The Dirty Truth About Solar Power

Renewable energy faces many formidable challenges, including cost, technology, site permits and transmission access.

To that list you can now add one more: bird droppings.

“You don’t see solar arrays on the coast, and the reason is bird poop,” UC Santa Cruz engineering professor Michael Isaacson told the Santa Cruz Sentinel this week. “It covers the panels and makes them inefficient.”

Bird droppings—as well as leaves, dust and pollen—can cut the output of solar panels by 20 percent or more, making them far less efficient and economic. Monitors that show voltage and current from solar installations register a distinct notch in output when cells get dirty.

UC Santa Cruz’s Center for Sustainable Energy and Power Systems is working on new solar cell materials that will help overcome the problem. In the meantime, there are some low-tech solutions to this environmental nuisance.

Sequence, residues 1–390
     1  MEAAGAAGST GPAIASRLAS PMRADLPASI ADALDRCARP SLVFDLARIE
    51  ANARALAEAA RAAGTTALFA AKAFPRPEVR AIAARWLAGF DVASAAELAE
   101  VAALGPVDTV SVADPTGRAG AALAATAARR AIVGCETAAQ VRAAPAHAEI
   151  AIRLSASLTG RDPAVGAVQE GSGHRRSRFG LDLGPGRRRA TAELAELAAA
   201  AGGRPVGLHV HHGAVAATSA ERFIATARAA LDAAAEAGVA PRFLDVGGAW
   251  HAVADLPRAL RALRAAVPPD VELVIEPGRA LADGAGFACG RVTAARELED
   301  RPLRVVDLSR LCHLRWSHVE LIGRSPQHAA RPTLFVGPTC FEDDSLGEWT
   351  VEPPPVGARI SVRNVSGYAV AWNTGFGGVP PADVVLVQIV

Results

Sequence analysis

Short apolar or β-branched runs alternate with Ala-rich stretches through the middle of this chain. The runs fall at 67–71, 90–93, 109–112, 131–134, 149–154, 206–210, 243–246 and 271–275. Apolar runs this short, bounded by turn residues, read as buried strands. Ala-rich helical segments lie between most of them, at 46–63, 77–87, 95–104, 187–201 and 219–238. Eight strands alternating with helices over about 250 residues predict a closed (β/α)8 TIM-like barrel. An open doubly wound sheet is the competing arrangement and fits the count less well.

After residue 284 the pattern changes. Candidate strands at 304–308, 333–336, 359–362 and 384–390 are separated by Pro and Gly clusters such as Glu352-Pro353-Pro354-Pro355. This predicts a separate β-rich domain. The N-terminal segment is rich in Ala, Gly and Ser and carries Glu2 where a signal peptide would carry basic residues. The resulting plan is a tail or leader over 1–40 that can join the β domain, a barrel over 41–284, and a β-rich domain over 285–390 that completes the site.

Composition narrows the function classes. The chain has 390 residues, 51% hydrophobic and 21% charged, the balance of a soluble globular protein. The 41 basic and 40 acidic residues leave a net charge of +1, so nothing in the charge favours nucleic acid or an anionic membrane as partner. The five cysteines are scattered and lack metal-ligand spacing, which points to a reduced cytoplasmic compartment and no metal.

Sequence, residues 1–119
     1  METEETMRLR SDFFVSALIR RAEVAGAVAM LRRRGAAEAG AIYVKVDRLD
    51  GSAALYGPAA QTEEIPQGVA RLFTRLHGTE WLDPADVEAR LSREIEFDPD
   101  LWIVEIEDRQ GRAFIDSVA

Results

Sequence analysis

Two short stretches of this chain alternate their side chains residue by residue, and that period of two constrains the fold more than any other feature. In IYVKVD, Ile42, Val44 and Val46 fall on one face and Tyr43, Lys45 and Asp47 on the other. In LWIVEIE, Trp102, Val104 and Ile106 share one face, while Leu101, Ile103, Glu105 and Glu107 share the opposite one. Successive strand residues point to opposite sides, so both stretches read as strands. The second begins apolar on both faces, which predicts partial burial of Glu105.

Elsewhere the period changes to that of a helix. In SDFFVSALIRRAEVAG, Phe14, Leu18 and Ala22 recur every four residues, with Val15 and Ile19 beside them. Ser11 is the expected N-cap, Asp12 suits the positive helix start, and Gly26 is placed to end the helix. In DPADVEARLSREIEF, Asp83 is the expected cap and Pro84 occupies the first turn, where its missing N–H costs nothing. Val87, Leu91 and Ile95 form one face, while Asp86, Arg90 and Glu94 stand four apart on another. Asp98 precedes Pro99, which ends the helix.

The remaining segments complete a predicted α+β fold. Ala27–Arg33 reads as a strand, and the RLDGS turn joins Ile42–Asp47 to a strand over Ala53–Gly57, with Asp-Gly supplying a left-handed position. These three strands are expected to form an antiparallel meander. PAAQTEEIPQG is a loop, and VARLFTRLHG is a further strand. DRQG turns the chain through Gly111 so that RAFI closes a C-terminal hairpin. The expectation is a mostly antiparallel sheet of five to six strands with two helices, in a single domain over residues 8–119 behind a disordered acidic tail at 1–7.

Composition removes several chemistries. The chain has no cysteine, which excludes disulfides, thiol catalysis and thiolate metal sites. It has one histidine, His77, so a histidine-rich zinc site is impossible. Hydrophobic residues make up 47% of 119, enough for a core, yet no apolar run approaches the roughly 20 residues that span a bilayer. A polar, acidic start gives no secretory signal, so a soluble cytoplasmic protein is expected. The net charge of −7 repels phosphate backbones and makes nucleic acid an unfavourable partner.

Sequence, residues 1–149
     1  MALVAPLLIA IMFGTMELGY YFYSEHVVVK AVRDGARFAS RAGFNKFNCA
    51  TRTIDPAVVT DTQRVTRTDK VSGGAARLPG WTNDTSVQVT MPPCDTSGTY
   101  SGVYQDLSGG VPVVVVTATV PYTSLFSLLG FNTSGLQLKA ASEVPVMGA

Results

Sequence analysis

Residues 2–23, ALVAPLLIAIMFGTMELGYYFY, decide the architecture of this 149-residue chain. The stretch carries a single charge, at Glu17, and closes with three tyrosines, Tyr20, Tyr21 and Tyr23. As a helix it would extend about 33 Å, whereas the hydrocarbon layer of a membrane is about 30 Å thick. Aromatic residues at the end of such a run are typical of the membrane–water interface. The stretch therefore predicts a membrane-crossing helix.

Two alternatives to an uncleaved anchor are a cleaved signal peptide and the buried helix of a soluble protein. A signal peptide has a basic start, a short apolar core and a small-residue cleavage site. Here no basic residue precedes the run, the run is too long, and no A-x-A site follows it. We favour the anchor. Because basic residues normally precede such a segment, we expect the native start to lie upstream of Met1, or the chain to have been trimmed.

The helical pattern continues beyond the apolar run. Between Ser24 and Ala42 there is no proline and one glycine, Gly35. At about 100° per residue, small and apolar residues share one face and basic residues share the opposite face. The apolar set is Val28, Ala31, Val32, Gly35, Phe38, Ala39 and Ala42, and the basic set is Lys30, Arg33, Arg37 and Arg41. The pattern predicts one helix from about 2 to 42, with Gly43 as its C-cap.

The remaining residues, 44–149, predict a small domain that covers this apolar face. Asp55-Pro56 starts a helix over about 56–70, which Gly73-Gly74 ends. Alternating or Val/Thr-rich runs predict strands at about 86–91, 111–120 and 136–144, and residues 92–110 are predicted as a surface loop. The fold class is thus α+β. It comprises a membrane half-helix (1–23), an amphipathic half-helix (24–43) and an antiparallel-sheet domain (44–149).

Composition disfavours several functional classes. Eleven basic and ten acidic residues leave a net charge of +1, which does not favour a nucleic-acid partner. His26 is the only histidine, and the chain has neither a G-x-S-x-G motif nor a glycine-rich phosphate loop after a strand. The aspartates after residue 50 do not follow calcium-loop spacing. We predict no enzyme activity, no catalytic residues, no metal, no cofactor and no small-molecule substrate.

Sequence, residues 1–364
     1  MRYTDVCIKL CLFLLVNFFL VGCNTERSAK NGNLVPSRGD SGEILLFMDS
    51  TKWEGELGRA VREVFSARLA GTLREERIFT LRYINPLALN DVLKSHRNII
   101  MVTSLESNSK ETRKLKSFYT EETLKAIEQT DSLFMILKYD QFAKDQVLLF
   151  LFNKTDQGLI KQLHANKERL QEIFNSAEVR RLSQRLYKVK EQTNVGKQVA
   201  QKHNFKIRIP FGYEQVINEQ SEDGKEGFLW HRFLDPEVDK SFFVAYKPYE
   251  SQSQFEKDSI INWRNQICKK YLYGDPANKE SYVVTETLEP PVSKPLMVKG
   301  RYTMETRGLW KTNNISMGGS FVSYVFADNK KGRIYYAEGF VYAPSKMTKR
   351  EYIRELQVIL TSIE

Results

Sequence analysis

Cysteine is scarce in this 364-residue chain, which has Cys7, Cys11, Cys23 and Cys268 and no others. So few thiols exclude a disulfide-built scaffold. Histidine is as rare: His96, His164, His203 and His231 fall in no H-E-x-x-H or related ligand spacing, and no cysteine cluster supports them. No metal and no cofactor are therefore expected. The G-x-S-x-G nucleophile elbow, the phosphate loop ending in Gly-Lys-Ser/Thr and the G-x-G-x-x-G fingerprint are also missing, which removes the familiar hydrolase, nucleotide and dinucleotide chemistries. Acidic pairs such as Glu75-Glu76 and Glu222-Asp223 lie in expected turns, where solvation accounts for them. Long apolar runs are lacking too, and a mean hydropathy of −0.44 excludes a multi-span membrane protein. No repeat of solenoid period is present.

At home, you can simply hose off your rooftop panels or wash them down with a sponge to keep them clean. A few tips: be careful not to fall off your ladder or roof, never walk on your panels, read the manual before using any cleaning products and check for cracks in the panel covers before you wash.

Be sure as well that any cleaning agent you use is environmentally friendly and has somewhere to drain without harming nearby trees and shrubs or staining the side of your building.

You can also invest in automated solar panel cleaning systems to eliminate much of the hassle—but your wallet had better be fat.

You can also shop for bird barriers and exclusion systems to keep them away from your roof as much as possible.

Keeping large commercial solar panels clean in dusty desert installations is a much bigger challenge—both to limit labor costs and the use of precious water. In some locations, solar output can fall 40 percent after winds kick up sand and dust to coat the cells with grime.

Technology first developed for NASA rover missions to Mars may come to the rescue. As described by a Boston University professor at a professional conference last summer, it involves applying electrostatic charges to the face of the panels to push dust toward the edges. The process takes just a couple of minutes. “With this new technology, solar panels can be automatically cleaned without water or labor,” he said.

But don’t expect it to work with bird poop.

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